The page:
558      *         c();
 559      *     }
 560      *     static void c() throws MidLevelException {
 561      *         try {
 562      *             d();
 563      *         } catch(LowLevelException e) {
 564      *             throw new MidLevelException(e);
 565      *         }
 566      *     }
 567      *     static void d() throws LowLevelException {
 568      *        e();
 569      *     }
 570      *     static void e() throws LowLevelException {
 571      *         throw new LowLevelException();
 572      *     }
 573      * }
 574      *
 575      * class HighLevelException extends Exception {
 576      *     HighLevelException(Throwable cause) { super(cause); }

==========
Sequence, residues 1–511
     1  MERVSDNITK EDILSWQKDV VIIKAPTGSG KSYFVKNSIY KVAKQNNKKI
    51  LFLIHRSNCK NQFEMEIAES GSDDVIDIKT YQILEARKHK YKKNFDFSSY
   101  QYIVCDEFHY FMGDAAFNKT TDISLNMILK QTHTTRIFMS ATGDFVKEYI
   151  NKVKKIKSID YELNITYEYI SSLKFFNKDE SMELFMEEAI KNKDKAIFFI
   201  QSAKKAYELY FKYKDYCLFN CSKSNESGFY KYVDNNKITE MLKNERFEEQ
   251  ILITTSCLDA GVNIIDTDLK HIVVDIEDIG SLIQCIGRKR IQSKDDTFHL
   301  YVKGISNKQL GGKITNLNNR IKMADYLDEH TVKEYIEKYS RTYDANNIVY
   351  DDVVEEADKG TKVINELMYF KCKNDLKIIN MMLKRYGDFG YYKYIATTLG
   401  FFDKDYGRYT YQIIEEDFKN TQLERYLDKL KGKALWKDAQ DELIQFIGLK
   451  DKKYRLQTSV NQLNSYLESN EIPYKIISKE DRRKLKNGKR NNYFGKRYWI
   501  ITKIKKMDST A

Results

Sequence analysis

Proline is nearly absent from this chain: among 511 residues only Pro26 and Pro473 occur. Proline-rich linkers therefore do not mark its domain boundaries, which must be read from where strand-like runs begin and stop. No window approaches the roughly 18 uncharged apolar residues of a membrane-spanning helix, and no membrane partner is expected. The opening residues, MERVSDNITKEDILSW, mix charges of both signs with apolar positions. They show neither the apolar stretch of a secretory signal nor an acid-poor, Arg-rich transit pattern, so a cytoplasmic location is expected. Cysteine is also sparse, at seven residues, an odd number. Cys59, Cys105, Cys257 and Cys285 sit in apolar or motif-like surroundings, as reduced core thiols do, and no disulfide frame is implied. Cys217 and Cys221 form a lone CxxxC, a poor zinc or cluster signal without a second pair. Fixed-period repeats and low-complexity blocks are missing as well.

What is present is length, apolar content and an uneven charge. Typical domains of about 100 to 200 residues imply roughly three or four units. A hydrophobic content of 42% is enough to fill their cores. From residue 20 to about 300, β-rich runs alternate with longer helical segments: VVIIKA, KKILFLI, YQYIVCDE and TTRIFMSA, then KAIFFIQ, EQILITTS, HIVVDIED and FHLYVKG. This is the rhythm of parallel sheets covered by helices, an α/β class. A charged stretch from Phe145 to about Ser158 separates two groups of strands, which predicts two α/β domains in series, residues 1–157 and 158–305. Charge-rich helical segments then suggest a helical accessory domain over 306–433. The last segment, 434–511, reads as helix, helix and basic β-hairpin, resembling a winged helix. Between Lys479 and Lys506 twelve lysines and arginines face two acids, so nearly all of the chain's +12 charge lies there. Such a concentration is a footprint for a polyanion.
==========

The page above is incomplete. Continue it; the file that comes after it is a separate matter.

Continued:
577      * }
 578      *
 579      * class MidLevelException extends Exception {
 580      *     MidLevelException(Throwable cause)  { super(cause); }
 581      * }
 582      *
 583      * class LowLevelException extends Exception {
 584      * }
 585      * </pre>
 586      * As of release 7, the platform supports the notion of
 587      * <i>suppressed exceptions</i> (in conjunction with the {@code
 588      * try}-with-resources statement). Any exceptions that were
 589      * suppressed in order to deliver an exception are printed out
 590      * beneath the stack trace.  The format of this information
 591      * depends on the implementation, but the following example may be
 592      * regarded as typical:
 593      *
 594      * <pre>
 595      * Exception in thread "main" java.lang.Exception: Something happened